How Companies Manage EV Infrastructure

Top 5 Things You Need to Know About EV Charging Infrastructure

With the recent rise in fuel prices and heightened concerns about climate change, interest in electric vehicles (EV) is on the rise with 442,740 sales made last year. Government zero-emission initiatives encourage the development of electric vehicle charging stations, spending approximately 25% more on direct purchase incentives and tax deductions than last year. However, can infrastructure keep up with this accelerating industry to meet demand?

In this article, we will discuss the top 5 things you need to know about EV infrastructure, who the ‘big boys’ are in this industry, and how charging technology is bringing EV into 2023.

How Companies Manage EV Infrastructure

Source: Cox Automotive


1. There’s more than one way to charge

  • Level 1 – Trickle/domestic charge (3-7kW) is the slowest method of charging, taking up to 50 hours from empty.
  • Level 2 – AV charge (3kW to 22kW) is faster and can be found in parking spaces and workplaces.
  • Level 3 -‘DC fast charging (50 kW to 350kW) offers the fastest and most expensive public charge and can take time-poor drivers from as little as 8 minutes to charge.


2. If you build it, will they come?

Despite falling battery costs, the biggest roadblock to electric cars reaching ubiquity is ineffective EV charging infrastructure. EV charging infrastructure companies need incentives to implement fast-charging networks to benefit from the economies of scale.


3. Charging stations aren’t meeting coverage needs

Local governments in North America currently have their own incentives to reach green energy targets and these don’t always correspond with the need for EV charging stations in their area.


4. Maintaining EV networks

Power failures and blown fuses are common issues for charging stations. To maintain purchasing desire, it is important to manage these failures to reap long-term savings from EV.


5. Improved location technology

The rise in charging technology aims to resolve common challenges EV drivers face. Software such as ChargePoint integrates their charging network to cloud services so your fleet never drives aimlessly into a charge point that isn’t working.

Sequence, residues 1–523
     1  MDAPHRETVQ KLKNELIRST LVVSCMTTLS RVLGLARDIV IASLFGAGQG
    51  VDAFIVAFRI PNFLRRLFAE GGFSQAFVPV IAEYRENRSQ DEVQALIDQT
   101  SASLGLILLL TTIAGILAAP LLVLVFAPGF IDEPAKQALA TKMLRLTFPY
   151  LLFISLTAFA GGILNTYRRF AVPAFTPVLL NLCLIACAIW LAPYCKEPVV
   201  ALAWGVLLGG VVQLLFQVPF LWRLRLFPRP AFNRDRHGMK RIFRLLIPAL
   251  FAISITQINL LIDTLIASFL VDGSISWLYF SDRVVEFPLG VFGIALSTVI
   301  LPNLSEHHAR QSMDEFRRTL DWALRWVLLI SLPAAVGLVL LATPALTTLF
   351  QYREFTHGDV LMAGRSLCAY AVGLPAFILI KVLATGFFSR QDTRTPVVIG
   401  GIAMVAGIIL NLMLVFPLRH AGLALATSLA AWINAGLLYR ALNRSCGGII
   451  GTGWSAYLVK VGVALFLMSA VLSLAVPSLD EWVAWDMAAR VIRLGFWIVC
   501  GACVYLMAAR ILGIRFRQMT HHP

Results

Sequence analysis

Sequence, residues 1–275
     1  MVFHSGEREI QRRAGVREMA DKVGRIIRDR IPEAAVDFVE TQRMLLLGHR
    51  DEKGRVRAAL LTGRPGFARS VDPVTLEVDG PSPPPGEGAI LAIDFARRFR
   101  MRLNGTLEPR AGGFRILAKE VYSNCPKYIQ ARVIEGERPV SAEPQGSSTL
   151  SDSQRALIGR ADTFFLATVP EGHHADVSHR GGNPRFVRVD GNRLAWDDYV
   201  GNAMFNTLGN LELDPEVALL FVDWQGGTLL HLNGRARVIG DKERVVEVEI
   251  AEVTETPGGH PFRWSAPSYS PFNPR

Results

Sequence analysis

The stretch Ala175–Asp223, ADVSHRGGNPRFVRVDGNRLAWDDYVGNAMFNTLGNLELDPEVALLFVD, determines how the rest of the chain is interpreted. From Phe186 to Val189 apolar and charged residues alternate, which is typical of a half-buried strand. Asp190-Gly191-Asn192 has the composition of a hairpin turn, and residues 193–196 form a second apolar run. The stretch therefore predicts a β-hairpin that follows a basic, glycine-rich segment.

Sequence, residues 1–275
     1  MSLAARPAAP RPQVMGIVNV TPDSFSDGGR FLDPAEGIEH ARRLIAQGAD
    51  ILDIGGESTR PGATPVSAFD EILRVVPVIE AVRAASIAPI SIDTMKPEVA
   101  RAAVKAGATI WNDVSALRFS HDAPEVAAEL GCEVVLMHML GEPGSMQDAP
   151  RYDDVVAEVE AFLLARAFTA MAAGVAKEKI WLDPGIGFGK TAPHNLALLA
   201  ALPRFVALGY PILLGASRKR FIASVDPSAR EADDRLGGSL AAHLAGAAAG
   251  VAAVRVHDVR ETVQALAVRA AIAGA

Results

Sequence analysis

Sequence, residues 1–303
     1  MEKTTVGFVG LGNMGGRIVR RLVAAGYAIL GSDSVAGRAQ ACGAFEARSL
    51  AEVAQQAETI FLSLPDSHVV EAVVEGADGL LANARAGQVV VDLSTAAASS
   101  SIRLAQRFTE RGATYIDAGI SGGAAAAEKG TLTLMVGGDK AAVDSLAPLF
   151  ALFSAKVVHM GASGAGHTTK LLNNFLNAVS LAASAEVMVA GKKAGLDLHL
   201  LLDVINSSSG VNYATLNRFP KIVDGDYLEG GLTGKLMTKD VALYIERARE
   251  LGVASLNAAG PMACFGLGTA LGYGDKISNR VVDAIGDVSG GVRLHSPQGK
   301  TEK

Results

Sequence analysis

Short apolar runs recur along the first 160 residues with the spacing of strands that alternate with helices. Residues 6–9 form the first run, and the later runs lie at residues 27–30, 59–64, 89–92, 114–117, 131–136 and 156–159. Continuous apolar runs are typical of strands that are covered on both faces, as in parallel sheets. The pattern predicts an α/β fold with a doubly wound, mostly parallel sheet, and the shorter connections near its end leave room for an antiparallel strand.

The Largest EV Charging Companies in the US


The Largest EV Charging Companies in the US

With more sophisticated public charging technology and increased adoption of renewable energy, electric vehicle registrations are still on the rise, despite the setbacks due to covid. Not only is this good news for reducing carbon footprint and CO2 emissions, but also for the vehicle charging market, which is expected to rise from USD 17.59 Billion in 2021 to USD 11.90 Billion by 2028.

Let’s take a look at the top largest EV charging companies in the US:


Currently the lead choice for electric vehicles in the world. Tesla is the first vertically integrated sustainable energy company, offering end-to-end clean energy charging solutions from service technicians, body shops, supercharger stations and energy generation and storage.



With 15,454 locations and over 4,000 commercial customers, ChargePoint is the largest and independently owned electric vehicle charging network accounting for 42.8% of all US public charging stations.


Electrify America

Offering the largest public DC ultra-fast-charging networks across the US, Electrify America offers EV charging solutions for public, commercial and home use.



With a total of 2,175 ports, EVgo is powered by 100% renewable energy and achieves an impressive 98% uptime, along with their mobile app, EVgo proves one of the most convenient charging services available.